I was in graduate school when the Teach Your Baby to read DVDs came out. In the developmental psychology department, students and professors expressed shock and horror at this trend. Why? Because teaching a baby to read is not developmentally appropriate.
Can you train or condition a baby to memorize flashcards and give you a “correct” response? Maybe, but they are not reading, by any stretch of the imagination.
By 2012 the company that put out those DVDs was broke and accused of misleading parents at best and potentially harming children’s development at worst. And while several other companies jumped on the bandwagon, the research didn’t support their claims.
However, teaching your child to read does begin in infancy. But it isn’t through drills and flashcards, it is simply through reading aloud with your child.
Phonics, sounding out words, sight words — that will all come later.
As a parent, though, you have a very powerful role. You have the ability to shape your child’s development from day one by reading aloud. It is such a simple thing to do that it is often underrated.
Do not be mistaken, this is one of the most powerful tools we as parents have to shape our children’s cognition and intellect.
Exposure to books and reading in preschool and kindergarten explained 12% of the difference on oral language tests (12% of the reason children did better on that test was due to exposure to books), this increased to 13% in elementary school, 19% in middle school, 30% in high school and 34% in college!
Reading aloud to children leads to benefits in development including, literacy, language skills and development, phonic awareness, knowledge of the alphabet, and overall cognitive development.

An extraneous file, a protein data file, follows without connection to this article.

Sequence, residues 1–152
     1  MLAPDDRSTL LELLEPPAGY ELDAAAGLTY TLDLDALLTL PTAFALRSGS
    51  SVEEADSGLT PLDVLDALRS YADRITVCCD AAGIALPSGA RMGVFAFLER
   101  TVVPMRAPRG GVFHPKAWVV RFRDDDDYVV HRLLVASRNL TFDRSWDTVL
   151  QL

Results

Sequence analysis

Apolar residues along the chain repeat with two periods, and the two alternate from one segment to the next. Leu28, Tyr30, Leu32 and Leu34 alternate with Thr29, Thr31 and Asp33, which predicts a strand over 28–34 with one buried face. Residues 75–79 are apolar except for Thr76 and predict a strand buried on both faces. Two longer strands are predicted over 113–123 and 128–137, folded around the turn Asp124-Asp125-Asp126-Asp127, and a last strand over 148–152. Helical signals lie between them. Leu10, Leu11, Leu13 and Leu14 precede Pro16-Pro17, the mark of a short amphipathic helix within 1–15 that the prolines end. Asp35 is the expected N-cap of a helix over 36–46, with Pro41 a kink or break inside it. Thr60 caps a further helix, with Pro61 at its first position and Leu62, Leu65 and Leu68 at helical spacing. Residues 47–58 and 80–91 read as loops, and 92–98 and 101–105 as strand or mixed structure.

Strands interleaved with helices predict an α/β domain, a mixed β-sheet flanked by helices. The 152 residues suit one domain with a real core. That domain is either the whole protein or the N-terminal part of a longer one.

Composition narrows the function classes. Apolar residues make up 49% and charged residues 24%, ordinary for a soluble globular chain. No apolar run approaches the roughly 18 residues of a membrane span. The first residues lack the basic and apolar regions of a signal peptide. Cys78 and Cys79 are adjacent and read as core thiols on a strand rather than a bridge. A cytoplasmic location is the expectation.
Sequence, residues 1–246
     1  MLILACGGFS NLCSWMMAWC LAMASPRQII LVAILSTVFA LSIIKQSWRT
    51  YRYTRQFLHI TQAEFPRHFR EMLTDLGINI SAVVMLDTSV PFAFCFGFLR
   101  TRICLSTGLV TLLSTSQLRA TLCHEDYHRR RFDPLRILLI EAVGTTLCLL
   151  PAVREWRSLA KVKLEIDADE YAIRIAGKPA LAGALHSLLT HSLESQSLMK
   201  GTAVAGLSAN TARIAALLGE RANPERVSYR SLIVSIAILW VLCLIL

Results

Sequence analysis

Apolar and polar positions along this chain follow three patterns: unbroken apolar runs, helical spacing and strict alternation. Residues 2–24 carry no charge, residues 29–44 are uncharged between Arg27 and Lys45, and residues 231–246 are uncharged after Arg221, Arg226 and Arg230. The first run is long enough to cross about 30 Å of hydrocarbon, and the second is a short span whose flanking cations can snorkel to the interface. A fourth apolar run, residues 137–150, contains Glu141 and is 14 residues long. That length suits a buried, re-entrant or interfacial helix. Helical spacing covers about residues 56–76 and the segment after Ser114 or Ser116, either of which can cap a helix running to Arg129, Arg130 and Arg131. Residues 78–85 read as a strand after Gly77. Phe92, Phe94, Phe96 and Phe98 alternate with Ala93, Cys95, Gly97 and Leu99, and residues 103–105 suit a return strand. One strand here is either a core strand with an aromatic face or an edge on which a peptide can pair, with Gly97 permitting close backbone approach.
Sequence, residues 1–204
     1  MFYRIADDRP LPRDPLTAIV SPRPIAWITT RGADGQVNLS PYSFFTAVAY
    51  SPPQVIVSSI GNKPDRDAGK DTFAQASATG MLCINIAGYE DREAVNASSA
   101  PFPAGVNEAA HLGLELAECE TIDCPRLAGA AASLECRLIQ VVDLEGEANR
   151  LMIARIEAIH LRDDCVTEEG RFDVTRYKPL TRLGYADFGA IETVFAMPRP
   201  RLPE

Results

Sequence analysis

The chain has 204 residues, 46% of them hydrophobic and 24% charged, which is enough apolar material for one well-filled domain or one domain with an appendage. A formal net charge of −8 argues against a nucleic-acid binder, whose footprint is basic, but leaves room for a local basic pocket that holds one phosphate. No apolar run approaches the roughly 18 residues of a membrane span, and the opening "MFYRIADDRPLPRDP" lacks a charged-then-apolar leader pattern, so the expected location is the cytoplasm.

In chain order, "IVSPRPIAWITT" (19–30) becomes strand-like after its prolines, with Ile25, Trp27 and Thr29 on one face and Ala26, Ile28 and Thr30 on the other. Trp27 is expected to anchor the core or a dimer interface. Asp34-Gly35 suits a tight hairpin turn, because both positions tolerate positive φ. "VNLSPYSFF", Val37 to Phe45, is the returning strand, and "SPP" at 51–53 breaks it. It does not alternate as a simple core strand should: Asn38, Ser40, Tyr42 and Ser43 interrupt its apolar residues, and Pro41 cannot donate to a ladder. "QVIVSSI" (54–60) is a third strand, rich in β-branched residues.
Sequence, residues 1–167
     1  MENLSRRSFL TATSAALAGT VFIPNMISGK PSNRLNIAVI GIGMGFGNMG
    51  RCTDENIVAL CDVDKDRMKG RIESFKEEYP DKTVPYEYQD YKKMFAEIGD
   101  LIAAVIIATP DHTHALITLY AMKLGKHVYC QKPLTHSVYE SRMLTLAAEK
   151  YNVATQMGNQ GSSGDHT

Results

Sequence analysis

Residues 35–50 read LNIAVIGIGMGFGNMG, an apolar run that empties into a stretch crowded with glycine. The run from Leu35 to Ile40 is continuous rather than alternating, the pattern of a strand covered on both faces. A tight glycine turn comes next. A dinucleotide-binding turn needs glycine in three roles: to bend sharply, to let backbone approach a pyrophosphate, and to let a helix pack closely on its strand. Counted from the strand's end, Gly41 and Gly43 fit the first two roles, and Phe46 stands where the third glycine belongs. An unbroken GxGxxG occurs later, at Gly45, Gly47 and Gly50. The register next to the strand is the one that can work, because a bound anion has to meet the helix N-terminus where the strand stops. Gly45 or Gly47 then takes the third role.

But it isn’t just about how much we read to our children, but how we read with them.
To really make the most out of storytime you can follow a few strategies that have been proven to benefit childn’s language development and that leads to better reading ability at older ages.
The key to this strategy is simple: Involve your child in the telling of the story.
Read a sentence, but leave out the last word and you’ll be surprised how often your child can guess what it is. Ask a question about the story, like “what do you think will happen next?” Relate it to something that happened in your life.
This is called “Dialogic Reading,” which was developed by Dr. Whitehurst and his colleagues over 20 years ago. It is basically the idea of having a dialog or conversation about the book as you read together.
Involving your child makes story time go from a passive experience to an active one. Most kids involve themselves naturally and we can encourage that.
This helps children learn about stories holistically and organically — about how a story flows, how to predict things that will happen, the structure of a story.
It’s actually quite a natural way to read with children once you get the hang of it.
There are two sets of strategies developed by Dr. Whitehurst, the PEER and the CROWD.
How to Teach Your Child to Read
PEER Strategy: Prompt Evaluate Expand Repeat
For example, with a young toddler PEER might look like this:
What color is the bus? (Prompt) Yes, the bus is yellow (Evaluate). That is a yellow school bus (Expand). The bus is a yellow school bus (Repeat).
With an older preschooler, PEER could look something like this when reading, If You Give A Mouse a Cookie (affiliate link):
What do you think the Mouse will want next? (Prompt) Yes, I think he will want another cookie. (Evaluate) Why did he want another cookie? (Expand) The mouse wanted another cookie to go with that milk.
Basically, you are having a conversation about the story as you read it. This makes reading for your child active rather than passive and engages them in learning.
CROWD Strategy: Completion Recall Open-ended What Distancing
Completion prompts are when you leave the sentence blank: “And chances are if he asks for a glass of milk, he’s going to want ____________.”
Recall prompts are when you ask your child to remember what happens in a book they have already read, “Does the mouse take a nap?” “What happens when the mouse looks in the mirror?”
Open-ended prompts are when you say something like “What is happening in this picture?”
The What, when, why, where and how prompt, is pretty self-explanatory.
And the Distancing prompt is really more of a connecting prompt– for example, “Do you remember when we made cookies with Daddy?”
In the end, it is all about having them help tell the story with you and connecting with them.
Here is a printable guide for Reading Aloud to Children!!! To download a copy click here –>How to Read Aloud to your Child